“… With hindsight though, it makes interesting reading in Africa when a losing incumbent quickly puts an ex-parte motion in front of a judge who they think is “one of them”, you expect a swift judgment in their favour, influenced not by the law, but by other interests. This scenario seemed to have happened, but in Ghana, it failed.
The judge looked at the officials from the ruling party whose president was still in office, and threw out their case citing law as his authority.
Ghana triumphed again because elsewhere, ruling parties are not known to rush to court when they are threatened with loss of power due to electoral defeat,” Kofi Bentil, a lecturer and consultant in Business Strategy and Entrepreneurship at Ashesi University and the University of Ghana Businesses School, said while analysing the 2008 election in Ghana.
There have been difficulties in Africa, to gauge the level of democracy particular countries have attained. This is mainly because the definition of democracy whether denotative or connotative, depends on the people defining it.
The recent elections in Ghana saw Prof. John Atta Mills (NDC), elected as the new president after a re-run. He beat the New Patriotic Party (NPP) presidential candidate, Nana Akufo-Addo who allegedly conceded defeat in the interest of the country.
Ghana has been referred to as the icon of democracy in Africa. Do not ask the tools used to measure the democracy, but the Western observers attitude towards the process of government change. The attitude could be as erratic as it could be correct.
So what is democracy? There are definitely different circumstances in every country, which compels its people to define democracy the way they do. In general, however, democracy contentiousconcept that is hard to define though we all agree and understand its meaning.
The paradox is therefore that everyone claims to support and love democracy, yet we fail to have a consensus about what it means.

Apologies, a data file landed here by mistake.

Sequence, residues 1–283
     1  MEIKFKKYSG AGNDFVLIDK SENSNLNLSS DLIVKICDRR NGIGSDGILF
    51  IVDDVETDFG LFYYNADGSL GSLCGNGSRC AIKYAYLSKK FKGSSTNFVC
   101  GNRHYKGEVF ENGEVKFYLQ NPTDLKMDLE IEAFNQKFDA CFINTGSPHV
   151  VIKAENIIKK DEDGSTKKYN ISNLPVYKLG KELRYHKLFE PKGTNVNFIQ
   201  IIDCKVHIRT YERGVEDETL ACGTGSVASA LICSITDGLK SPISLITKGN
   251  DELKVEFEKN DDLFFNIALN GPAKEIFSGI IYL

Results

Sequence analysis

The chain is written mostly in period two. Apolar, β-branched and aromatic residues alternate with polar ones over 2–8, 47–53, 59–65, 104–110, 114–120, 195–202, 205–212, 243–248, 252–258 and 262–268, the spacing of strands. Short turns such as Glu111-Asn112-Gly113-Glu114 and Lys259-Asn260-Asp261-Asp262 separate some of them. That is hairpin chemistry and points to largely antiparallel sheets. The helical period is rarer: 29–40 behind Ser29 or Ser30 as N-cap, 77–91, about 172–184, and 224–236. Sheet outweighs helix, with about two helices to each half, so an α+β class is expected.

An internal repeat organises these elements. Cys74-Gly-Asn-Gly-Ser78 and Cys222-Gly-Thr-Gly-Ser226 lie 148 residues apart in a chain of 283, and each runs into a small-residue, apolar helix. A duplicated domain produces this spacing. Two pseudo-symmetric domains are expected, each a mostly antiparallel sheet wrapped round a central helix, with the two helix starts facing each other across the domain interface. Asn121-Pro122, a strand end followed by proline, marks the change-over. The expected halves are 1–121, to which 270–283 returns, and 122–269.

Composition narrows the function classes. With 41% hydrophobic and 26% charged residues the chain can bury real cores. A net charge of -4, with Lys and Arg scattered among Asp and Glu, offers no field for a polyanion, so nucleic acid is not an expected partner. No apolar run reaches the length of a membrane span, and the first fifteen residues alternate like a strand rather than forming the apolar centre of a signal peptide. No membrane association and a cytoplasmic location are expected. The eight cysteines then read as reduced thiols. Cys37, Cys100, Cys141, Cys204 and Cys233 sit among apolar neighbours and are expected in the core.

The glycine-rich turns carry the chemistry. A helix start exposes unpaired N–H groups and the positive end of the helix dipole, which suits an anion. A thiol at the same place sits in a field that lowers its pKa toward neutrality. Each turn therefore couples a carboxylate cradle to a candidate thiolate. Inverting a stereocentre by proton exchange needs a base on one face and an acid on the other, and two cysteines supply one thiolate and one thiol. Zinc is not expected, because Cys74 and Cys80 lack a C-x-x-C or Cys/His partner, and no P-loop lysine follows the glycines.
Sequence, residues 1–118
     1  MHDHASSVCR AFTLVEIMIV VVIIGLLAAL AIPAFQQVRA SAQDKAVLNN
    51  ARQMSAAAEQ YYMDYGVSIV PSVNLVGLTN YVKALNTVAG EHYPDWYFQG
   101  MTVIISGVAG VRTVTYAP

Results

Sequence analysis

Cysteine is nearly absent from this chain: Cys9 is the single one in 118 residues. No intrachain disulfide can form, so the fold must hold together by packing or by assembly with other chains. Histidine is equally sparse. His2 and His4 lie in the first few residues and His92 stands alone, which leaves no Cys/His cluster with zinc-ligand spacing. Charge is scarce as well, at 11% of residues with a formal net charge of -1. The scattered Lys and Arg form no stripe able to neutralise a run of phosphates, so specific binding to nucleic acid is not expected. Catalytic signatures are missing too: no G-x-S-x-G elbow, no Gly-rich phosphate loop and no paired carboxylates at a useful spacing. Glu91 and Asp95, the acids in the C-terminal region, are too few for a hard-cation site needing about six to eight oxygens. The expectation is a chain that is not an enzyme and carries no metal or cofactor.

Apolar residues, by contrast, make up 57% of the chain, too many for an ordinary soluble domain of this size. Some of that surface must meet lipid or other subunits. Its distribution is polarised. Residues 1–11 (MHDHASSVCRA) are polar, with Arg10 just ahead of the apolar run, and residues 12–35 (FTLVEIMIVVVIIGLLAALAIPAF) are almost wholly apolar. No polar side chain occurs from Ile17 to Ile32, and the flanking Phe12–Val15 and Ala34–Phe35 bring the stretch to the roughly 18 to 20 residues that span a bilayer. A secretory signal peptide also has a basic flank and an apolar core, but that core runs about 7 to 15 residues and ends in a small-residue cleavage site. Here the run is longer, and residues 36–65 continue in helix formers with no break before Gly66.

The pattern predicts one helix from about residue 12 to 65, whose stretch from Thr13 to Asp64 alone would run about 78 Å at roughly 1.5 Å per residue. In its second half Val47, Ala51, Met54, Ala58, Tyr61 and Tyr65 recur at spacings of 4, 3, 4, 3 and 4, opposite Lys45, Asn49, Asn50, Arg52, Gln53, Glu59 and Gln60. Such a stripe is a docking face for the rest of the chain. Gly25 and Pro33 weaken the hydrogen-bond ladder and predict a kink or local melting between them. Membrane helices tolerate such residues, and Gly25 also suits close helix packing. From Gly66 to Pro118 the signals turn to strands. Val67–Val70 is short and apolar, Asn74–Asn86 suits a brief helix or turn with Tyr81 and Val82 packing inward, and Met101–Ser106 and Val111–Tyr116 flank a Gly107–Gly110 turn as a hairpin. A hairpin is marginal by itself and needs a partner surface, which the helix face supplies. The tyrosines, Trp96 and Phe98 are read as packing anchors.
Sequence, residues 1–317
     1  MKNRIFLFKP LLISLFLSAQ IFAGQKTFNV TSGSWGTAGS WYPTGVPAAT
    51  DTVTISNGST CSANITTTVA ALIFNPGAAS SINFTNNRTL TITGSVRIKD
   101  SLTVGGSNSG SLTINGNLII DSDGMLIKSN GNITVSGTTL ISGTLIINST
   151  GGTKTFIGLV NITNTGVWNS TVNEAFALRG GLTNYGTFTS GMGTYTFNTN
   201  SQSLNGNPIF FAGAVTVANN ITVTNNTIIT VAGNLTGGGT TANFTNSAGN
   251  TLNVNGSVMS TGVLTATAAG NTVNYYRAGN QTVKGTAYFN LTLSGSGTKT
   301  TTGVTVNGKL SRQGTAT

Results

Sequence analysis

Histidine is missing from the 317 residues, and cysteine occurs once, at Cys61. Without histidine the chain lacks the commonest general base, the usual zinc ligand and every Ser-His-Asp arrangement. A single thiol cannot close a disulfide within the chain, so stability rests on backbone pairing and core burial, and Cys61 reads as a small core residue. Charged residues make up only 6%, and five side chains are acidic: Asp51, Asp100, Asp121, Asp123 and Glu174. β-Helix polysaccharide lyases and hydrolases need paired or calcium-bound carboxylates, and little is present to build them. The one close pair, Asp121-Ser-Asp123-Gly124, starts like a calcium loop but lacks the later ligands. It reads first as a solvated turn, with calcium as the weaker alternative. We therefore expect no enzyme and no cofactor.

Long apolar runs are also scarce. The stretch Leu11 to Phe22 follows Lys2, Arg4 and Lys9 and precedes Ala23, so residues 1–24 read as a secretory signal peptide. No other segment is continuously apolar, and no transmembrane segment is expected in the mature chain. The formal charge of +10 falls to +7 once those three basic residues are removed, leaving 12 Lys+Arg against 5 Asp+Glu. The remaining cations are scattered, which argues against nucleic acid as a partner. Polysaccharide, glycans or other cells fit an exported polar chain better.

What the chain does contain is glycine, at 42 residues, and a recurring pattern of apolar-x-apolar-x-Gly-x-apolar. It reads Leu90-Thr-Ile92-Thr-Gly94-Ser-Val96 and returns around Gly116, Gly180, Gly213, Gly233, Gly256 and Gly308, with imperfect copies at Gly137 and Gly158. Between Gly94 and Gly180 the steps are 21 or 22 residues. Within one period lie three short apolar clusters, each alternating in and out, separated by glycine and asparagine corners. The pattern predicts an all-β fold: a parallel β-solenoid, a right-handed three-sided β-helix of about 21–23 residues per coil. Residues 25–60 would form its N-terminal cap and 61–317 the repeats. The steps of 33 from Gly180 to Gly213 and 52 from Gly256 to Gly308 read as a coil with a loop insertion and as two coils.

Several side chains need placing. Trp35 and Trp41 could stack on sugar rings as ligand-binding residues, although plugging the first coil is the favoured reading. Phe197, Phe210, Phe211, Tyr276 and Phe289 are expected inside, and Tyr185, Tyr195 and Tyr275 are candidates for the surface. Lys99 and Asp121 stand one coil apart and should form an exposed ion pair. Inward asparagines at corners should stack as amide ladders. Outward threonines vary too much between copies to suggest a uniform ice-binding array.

Of course, people who argue that a country like Ghana, which had a different political party leader, take power after ‘smooth’ elections, is good enough to count as a democracy, base themselves on the traditional definition of democracy.
Traditionally, democracy is defined as the rule of people by the people and for the people. This is of course in line with the thinking of the democratic philosophy, most famously advocated by the likes of Jean-Jacques Rosseau with his Social Contract theory.
We do not seek to contradict the definition, but do not allow its ‘blind’ following either. What we would call true democracy, is one that allows change with popular support. Though it is normally done through elections, democracy cannot be reduced to elections alone.
This is where we go wrong-we should go further to exploit other dynamics in a social setting, which real depicts democracy. The myopic view of democracy in our societies has continuously undermined the very foundations of democracy- the ability to choose and the ability to change.
Let us take an example of Rwanda. It would be so incorrect for such a post genocide society, to rely ‘entirely’ on the traditional definition of genocide.
We cannot at this level, determine Rwanda’s degree of democracy on elections (though of course the country has had a number of successful elections at all levels, as demanded by the traditionalists).
The problem in most of Africa and the sub-Sahara in particular, has been idealising elections as the symbol of democracy. It brings about fundamental errors on the nature of democracy.
Democracy goes beyond all deceptively misleading definitions offered by many scholars in elections. What has Rwanda done for instance in this line to qualify to be called democratic in our own context?
The country has managed to build a public climate of tolerance and debate as well as establish new institutions to hold politicians and government officials permanently, to account for their failures.
Furthermore, here is a nation managing to transcend its bad history. It has changed the history of ethnic hatred by ushering in, a spirit of forgiveness, solidarity and trust, which is paving way for reconciliation and democracy.
So much as, we agree that Ghana is truly heading for a better direction as far as democracy is concerned, for it to be an icon of democracy in Africa; it has to reflect it within people’s lives.
A number of examples in this effect include; whether politicians in Ghana and other countries live according to their promises after attaining people’s mandate/winning elections. This is supposed to be the bottom line-the yardstick.